By Desmond Butler The Associated Press
WASHINGTON — A year before federal prosecutors accused Maria Butina of operating as a secret agent for the Russian government, she was a graduate student at American University working on a sensitive project involving cybersecurity.
Butina’s college assignment called for her to gather information on the cyberdefenses of U.S. non-profit organizations that champion media freedom and human rights, The Associated Press has learned. It was information that could help the groups plug important vulnerabilities, but also would be of interest to the Russian government.
In fact, the Russians previously had in their sights at least two of the groups that she and other students interacted with.
Butina participated in the project under the tutelage of a respected professor who advised the State Department on cybersecurity matters. It was carried out for the non-profit group Internews, which works extensively with the U.S. government to bolster the free flow of information in dangerous parts of the world and has drawn Russian ire with some of its programs in Russia and neighbouring countries.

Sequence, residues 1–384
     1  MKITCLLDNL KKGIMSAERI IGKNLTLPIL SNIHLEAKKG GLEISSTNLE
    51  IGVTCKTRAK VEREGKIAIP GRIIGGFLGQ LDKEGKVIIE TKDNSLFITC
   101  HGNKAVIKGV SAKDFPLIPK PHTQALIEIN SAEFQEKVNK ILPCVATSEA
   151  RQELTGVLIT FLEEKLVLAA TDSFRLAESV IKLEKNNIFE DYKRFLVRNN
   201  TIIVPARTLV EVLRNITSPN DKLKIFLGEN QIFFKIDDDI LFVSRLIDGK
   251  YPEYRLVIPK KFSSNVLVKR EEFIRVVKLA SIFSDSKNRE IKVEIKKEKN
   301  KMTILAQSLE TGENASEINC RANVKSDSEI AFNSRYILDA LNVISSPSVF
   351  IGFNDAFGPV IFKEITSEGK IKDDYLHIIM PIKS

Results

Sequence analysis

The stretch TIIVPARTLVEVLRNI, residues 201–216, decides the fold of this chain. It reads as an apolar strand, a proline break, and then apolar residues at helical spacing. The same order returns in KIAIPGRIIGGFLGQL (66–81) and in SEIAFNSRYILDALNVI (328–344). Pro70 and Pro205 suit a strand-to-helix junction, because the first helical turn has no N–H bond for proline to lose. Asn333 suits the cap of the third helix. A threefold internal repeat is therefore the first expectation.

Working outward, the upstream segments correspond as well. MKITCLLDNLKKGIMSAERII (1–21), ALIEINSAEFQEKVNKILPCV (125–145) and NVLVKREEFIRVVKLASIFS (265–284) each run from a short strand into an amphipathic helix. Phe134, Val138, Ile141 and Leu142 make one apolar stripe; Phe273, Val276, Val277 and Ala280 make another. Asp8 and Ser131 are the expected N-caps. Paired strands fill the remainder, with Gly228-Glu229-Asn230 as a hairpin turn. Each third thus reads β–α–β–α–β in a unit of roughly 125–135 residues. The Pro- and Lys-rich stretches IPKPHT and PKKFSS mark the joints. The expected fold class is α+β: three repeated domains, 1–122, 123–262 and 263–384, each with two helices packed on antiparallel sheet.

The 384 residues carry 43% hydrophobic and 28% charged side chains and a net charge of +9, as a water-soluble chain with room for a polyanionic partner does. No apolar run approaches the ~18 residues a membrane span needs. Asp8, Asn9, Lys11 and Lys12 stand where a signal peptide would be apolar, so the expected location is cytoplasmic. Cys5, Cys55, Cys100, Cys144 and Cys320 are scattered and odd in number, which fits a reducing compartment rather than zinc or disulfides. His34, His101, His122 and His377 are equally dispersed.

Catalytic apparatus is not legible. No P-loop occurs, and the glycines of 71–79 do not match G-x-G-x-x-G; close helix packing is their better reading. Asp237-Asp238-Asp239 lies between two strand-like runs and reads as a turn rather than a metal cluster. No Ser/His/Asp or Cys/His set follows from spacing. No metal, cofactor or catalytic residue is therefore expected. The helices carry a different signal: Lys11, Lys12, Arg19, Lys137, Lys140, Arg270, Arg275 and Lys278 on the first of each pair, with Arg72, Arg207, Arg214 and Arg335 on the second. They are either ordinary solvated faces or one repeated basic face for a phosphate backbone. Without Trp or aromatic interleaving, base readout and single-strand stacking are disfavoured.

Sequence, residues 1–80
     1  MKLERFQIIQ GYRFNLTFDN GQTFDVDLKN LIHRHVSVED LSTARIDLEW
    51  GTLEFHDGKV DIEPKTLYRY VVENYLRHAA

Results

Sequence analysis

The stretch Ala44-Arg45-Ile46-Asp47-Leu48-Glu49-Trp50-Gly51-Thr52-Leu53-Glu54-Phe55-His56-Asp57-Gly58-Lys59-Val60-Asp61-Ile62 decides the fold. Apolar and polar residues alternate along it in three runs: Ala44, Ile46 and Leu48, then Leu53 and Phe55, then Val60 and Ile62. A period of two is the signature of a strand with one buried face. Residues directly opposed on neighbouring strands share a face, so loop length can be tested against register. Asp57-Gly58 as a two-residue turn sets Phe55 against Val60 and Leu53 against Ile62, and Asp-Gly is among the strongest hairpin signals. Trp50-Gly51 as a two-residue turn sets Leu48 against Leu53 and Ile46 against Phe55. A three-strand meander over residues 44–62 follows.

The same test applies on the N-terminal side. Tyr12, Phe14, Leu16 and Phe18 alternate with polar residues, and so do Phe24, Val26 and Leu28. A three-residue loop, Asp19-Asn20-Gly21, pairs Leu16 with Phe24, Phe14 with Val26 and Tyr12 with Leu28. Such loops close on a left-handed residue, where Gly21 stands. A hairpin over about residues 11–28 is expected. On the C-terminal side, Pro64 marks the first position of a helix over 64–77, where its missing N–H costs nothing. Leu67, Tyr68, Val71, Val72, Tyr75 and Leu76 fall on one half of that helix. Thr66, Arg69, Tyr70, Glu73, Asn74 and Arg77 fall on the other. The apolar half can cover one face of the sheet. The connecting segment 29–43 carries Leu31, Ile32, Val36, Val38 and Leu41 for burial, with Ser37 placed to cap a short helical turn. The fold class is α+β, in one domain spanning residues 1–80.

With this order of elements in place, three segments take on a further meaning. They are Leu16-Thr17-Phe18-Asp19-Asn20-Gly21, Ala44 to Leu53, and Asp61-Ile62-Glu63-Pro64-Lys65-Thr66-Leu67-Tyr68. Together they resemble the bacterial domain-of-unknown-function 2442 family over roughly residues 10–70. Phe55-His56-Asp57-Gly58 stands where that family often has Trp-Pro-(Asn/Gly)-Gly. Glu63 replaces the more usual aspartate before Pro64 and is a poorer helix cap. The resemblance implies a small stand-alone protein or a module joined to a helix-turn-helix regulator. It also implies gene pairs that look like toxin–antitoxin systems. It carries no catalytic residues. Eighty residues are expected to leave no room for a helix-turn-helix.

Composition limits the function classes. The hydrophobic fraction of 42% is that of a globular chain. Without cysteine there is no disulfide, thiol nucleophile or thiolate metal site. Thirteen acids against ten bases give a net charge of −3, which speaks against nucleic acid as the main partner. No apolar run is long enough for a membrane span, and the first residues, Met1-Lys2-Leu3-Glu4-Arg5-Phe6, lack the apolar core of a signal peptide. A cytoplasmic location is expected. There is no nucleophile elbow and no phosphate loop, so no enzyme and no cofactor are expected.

Internews confirmed Butina’s involvement and a broad description of what the project involved. A lawyer for Butina did not respond to a request for comment.
Butina’s project raised few eyebrows before her July arrest, despite the fact that news reports already had posed questions about her rapid rise from selling furniture in Siberia and her ties with Kremlin officials.
As part of the project, a small group of students led by Butina was given a list of Internews partners working on human rights and press freedom issues for research purposes only, with the understanding that they not be contacted without consultation. But the students contacted some of the groups anyway, according to people involved in the project who spoke on condition of anonymity because they were not authorized to describe the work.
An individual who has worked on U.S. programs in Ukraine told the AP that after Butina’s arrest he was briefed by U.S. officials who expressed concern that two Internews programs in Ukraine ‚Äî dealing with media freedom and cybersecurity, and funded by the State Department ‚Äî may have been exposed to Russian intelligence and may be at risk due to Butina’s student work.
State Department spokesman Robert Palladino said the department was not involved with the Internews project Butina worked on.
“We have verified that all documents Internews provided to its students were publicly available, and we remain confident in the integrity of the State Department’s programs with Internews,” he said.
Kostiantyn Kvurt, who heads a local non-profit that Internews helped establish, Internews Ukraine, said he was unaware of Butina’s project before being informed of it by the AP, but already was wary of potential Russian intelligence interference.
“If they understand how to break our firewalls, they could find our partners,” Kvurt said. “People could get detained, tortured, killed.”
Internews said the students were never given access to the group’s work or systems.